Self-hosting vs Cloud-hosting costs

Posted on: December 22, 2010

Is there hard ROI to use a cloud IaaS instead of a server in your garage/basement/on-premise datacenter? I think there increasingly is and justifying self-hosting is getting increasingly tough.

I would actually go as far as posit that you can now get a server in a public datacenter at price comparable to your electricity bill alone!

If you don’t believe me – let’s do a quick math.

Mark Kolich noticed in his blog that the server he had running at his home was consuming 220 W, which at the consumer electricity costs of 12-cents per kWh means:

0.220 kWh * 12 cents = 2.64 cents per hour

Almost 3 cents/hour for electricity alone not taking into account: labor, server hardware amortization, data-storage costs (replacing a failed disk), cooling costs, ISP costs, security costs (routers, firewalls, etc.), power backup costs (a UPS) and so on. Mark notes that he could have probably bought a newer more energy efficient server – but the required investment would not justify the savings.

The shocking part is that the recent price competition of cloud infrastructure (IaaS) and platform (PaaS) vendors took the current cloud servers costs to roughly the same order of costs. Here’s a quick survey of a few major cloud players:

  • Microsoft is rolling out their 5 cent/hour option (with additional further discounts if you pre-pay for reserved use – e.g. say you have a bunch of instances which you have running all the time and you are willing to pre-pay for the next few months).
  • Same thing with Amazon: minimal price (although for a slightly more limited version) is already in 2 cent for Linux / 3 cent for Windows instance area, with reserved/pre-paid option getting as low as 0.7 cents/Linux & 1.3 cents/Windows.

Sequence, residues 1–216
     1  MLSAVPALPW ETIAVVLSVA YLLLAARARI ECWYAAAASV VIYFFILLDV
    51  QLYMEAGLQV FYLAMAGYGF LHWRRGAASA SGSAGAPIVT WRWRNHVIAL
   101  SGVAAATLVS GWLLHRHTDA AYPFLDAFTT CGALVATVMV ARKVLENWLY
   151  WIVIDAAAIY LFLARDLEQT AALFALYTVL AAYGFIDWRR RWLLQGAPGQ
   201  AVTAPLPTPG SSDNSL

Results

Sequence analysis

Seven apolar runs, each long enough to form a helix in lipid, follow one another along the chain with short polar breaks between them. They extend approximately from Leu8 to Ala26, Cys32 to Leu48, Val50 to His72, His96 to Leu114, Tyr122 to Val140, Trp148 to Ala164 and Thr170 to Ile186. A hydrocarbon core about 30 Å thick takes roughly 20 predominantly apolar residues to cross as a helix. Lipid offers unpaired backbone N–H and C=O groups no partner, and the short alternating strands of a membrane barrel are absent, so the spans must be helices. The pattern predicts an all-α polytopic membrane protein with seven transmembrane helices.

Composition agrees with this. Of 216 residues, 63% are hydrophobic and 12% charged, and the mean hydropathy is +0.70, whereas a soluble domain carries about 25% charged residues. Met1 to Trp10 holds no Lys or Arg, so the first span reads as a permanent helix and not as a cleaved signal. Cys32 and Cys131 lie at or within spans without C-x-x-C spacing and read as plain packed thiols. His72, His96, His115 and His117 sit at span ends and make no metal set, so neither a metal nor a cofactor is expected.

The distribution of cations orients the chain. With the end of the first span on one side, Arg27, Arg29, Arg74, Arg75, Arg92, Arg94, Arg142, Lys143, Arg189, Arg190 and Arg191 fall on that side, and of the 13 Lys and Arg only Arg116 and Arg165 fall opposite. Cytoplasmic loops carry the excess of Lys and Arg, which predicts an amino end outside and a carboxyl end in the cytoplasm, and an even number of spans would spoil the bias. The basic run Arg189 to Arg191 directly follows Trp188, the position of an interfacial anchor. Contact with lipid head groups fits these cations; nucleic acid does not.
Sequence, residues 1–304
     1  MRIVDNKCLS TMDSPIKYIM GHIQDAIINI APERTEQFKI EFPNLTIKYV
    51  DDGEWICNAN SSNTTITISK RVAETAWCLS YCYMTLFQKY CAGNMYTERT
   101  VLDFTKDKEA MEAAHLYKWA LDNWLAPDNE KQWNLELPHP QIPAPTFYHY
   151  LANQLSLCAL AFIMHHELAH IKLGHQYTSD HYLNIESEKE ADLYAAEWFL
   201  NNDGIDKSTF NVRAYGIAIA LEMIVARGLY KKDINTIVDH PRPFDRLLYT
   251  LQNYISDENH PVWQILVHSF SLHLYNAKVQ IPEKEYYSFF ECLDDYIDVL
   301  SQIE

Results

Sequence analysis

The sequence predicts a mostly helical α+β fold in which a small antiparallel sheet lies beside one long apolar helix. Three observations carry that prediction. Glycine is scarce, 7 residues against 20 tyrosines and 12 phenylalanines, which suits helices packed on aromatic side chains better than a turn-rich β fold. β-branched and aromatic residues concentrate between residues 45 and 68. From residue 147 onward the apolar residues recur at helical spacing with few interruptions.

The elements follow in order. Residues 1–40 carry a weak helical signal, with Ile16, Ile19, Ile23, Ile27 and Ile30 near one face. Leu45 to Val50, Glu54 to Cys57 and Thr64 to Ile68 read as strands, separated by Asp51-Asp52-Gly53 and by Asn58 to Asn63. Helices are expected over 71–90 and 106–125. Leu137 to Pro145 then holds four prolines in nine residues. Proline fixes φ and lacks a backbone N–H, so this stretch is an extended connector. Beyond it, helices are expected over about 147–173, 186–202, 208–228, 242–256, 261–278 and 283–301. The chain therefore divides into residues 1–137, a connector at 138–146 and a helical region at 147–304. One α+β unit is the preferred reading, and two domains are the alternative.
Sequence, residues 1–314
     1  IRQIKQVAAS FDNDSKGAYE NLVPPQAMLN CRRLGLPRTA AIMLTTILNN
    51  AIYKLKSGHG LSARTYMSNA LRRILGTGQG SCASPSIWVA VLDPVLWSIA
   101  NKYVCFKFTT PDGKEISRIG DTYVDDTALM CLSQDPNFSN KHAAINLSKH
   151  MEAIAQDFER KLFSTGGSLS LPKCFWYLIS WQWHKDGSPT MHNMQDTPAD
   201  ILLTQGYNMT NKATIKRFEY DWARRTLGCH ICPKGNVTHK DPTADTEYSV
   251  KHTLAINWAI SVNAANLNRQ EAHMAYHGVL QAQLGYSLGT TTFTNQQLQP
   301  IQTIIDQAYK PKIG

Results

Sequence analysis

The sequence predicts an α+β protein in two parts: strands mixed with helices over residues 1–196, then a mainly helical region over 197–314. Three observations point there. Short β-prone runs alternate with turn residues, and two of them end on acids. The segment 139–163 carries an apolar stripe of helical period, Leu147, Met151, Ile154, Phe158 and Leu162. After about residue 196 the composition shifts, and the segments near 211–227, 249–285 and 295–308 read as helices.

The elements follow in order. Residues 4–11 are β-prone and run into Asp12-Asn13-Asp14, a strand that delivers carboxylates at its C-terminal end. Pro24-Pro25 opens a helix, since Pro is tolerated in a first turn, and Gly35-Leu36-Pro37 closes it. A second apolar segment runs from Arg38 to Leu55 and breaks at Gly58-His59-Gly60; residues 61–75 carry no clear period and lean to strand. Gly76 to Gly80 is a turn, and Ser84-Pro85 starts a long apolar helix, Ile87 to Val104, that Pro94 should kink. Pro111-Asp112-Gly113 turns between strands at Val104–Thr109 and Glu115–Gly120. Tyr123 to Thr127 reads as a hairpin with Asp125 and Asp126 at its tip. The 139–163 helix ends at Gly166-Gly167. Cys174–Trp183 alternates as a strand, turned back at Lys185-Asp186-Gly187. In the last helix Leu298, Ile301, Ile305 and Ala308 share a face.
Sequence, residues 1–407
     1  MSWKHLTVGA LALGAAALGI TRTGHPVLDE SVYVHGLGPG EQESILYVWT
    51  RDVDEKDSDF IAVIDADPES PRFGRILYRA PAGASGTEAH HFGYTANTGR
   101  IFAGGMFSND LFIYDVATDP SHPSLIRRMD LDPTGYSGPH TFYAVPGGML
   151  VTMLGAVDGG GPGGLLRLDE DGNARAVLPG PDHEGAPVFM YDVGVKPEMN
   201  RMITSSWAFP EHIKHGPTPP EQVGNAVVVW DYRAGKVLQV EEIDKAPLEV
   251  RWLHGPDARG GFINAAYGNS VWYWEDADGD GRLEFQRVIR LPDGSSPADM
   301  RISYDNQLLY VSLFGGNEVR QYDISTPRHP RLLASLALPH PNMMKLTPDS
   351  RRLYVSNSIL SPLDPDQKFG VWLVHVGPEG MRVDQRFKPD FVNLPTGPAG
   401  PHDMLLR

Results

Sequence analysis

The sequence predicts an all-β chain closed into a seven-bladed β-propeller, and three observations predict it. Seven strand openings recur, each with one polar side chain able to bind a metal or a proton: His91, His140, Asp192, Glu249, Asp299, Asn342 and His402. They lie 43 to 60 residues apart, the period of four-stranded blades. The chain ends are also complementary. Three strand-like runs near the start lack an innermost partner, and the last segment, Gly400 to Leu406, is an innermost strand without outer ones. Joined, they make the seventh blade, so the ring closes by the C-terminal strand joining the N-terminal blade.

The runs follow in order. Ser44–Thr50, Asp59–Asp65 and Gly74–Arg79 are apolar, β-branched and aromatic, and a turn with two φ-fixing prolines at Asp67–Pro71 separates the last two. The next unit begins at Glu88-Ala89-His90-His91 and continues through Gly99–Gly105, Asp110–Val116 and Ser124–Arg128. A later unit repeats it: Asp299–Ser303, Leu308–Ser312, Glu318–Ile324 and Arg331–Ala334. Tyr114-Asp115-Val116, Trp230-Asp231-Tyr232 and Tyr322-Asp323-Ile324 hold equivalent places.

• Rackspace pricing starts at 1.5 cents/hour for Linux, and 8 cents/hour for Windows.

My take on these numbers is that you need to have a really good reason to go into hosting when there is so much price competition in that space and the margins are going down so fast.

The only good reason I can think of is hosting being your competitive advantage in some way. For example, being a local hosting company in a country which legislation is making it hard to use foreign datacenters. Or offering some level of compliance which public hosters cannot provide. And as a matter of fact both of these differentiators are gradually going away with the vendors quickly getting all the possible certifications and compliance stamps you can think of, as well as opening datacenters around the globe.

Cloud is cheaper than your own hosting regardless on how you calculate the costs. Get used to it.



4 Responses to "Self-hosting vs Cloud-hosting costs"

You just proved that it is too costly to run a single VM on dual-CPU Xeon host. This is hard to argue… does not make any sense to do it, and this is why virtualization exists in a first place.

The server in question can easily run 25 light-weight web servers such as the one OP uses, with peak consumption of 250-300 Wwatts. That is about 0.1 cents per hour per VM, based on numbers above. I would like to see a cloud provider beating this price.

Sure, few need this many VMs at home. This is why I run my blog on my Atom-based nettop. With about 25W (10x of the above server) peek power consumption, it can easily run a few Linux VM (I only need 2). I would suggest that OP does the same, but he has comments disabled in his blog, so I cannot enlighten him 😉

Anton, yes, there is no magic here – and virtualization is one of the ways (plus higher utilization with dynamic balancing, plus spot trading, plus smaller number of humans, plus economies of scale for elictrity and cooling, etc.) that IaaS providers manage to be profitable despite prices going down so steadily. My point is that I’d argue that at this point in time self-hosting for most smaller companies and individuals makes very little economic sense. The margins in IaaS on small scale just don’t make it worth it.

You left out one huge variable – bandwidth costs – the factor that doesn’t seem to be changing in the “Cloud Revolution”. Compare this Rackspace cloud server with a much higher spec dedicated server from

Rackspace: 2GB RAM/80GB disk/800GB band./mth. = £1660/year
Bytemark: Athlon II X2/2GB RAM/2 x 500GB disk/800GB band./mth.
= £900/year

That makes the cloud offering 84% more expensive.

Good point. Bandwidth is an interesting one. IaaS vendors charge for it – but it whether or not this is substantial depends a lot on the application profile. I know that from my experience working on – compute is by far a bigger expense item; storage and bandwidth are way smaller.

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